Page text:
This study uses the Labour Force Survey from January 2007 to September 2018 to examine the dynamics of the labour force since the 2008/2009 recession. Knowing the origin and destination of transitions in labour force statuses is useful in drawing a more complete picture of the situation and gaining a better understanding of labour market dynamics in Canada, which can help guide policies.

    Release date: 2019-01-29

  • Articles and reports: 11F0019M2019003
    Description:

    Given the time and money invested in higher education by students, parents and governments, there is considerable interest in the economic outcomes of postsecondary graduates. Most assessments of recent graduates have focused on their short-term, early labour market results. As new entrants to the labour force, recent postsecondary graduates may be particularly vulnerable to the economic cycle. Consequently, comparisons of short-term outcomes across graduating cohorts may be highly dependent on prevailing economic conditions and may not reflect the longer-term returns on investments. This is the first study to compare the long-term labour market outcomes of two cohorts of young postsecondary graduates using linked census and tax data. Specifically, graduates who were 26 to 35 years old in 1991 were followed from 1991 to 2005 (when they were 40 to 49 years old) and compared with a similarly aged 2001 cohort, which was followed from 2001 to 2015.

    Release date: 2019-01-23

  • Articles and reports: 11F0019M2019002
    Description:

    Rising income inequality in industrialized nations has motivated research on high-income Canadians and how they differ from the general population. Despite notable advancements in education and labour force participation over the last half century, women continue to be less represented relative to men among top income groups, accounting for one in five workers in Canada’s top 1% in 2015. This paper fills an important information gap by providing a gender-based analysis of key socio-demographic and employment characteristics of working women and men in the top 1%, based on the 2016 Census of Population.

    Release date: 2019-01-21

  • Articles and reports: 96-325-X201900100001
    Description:

    This article is Statistics Canada’s first-ever publication on Aboriginal peoples and agriculture. It explores the part that Aboriginal persons play in the agricultural population in 2016. It examines how Aboriginal farm operators resemble or differ from their non-Aboriginal farm operator counterparts, and how likely they are to be engaged in off-farm paid employment. It also discusses the most common farm types for Aboriginal farm operators.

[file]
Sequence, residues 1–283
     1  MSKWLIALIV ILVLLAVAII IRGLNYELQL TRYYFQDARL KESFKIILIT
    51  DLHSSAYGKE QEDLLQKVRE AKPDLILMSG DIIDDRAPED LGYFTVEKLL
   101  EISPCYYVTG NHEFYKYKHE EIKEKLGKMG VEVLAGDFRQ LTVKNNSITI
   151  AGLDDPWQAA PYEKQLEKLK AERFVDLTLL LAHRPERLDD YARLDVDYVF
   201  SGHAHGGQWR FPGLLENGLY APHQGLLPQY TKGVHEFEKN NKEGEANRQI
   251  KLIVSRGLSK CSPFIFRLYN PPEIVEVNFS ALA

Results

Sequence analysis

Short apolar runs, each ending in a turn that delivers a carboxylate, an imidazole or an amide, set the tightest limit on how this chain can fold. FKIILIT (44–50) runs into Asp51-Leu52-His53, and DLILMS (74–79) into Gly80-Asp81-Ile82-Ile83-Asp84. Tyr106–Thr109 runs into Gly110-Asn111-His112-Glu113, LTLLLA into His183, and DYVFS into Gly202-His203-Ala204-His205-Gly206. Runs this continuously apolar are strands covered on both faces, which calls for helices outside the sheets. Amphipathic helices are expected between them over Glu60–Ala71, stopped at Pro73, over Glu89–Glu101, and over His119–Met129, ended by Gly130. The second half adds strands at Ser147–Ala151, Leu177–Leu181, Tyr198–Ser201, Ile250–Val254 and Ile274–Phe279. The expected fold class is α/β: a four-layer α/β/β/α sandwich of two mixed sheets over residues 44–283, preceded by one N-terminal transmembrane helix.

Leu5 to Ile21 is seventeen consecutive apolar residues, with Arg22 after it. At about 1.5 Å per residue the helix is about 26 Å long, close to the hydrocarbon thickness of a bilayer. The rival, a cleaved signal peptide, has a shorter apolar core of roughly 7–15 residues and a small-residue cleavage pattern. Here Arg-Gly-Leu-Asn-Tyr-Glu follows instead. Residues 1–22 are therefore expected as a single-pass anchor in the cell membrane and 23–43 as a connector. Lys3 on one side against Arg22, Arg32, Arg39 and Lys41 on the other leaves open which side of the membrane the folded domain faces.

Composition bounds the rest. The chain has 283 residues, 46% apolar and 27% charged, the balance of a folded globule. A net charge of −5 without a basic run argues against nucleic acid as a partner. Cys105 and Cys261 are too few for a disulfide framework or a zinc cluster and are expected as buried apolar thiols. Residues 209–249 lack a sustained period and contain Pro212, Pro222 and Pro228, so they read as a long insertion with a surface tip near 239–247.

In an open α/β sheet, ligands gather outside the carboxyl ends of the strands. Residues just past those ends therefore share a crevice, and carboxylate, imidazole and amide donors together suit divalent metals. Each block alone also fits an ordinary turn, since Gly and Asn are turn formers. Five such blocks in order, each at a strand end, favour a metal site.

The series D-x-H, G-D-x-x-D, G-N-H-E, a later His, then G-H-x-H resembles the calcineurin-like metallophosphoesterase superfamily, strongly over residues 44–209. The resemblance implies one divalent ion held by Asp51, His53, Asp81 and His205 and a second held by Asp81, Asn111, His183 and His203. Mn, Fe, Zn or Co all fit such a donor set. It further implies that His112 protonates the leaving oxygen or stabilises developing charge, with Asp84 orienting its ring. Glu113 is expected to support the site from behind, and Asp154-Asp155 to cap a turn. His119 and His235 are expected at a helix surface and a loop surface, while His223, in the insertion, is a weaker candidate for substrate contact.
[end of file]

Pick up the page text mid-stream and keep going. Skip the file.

Release date: 2019-01-17

  • Articles and reports: 71-606-X2018001
    Description:

    This report uses immigrant data series from the Labour Force Survey to provide a description of immigrants' labour-market outcomes, from 2006 to 2017.

    Release date: 2018-12-24
Reference (1)

Reference (1) ((1 result))

  • Surveys and statistical programs – Documentation: 12-001-X19980024349
    Description:

    Measurement of gross flows in labour force status is an important objective of the continuing labour force surveys carried out by many national statistics agencies. However, it is well known that estimation of these flows can be complicated by nonresponse, measurement errors, sample rotation and complex design effects. Motivated by nonresponse patterns in household-based surveys, this paper focuses on estimation of labour force gross flows, while simultaneously adjusting for nonignorable nonresponse. Previous model-based approaches to gross flows estimation have assumed nonresponse to be an individual-level process. We propose a class of models that allow for nonignorable household-level nonresponse. A simulation study is used to show, that individual-level labour force gross flows estimates from household-based survey data, may be biased and that estimates using household-level models can offer a reduction in this bias.

    Release date: 1999-01-14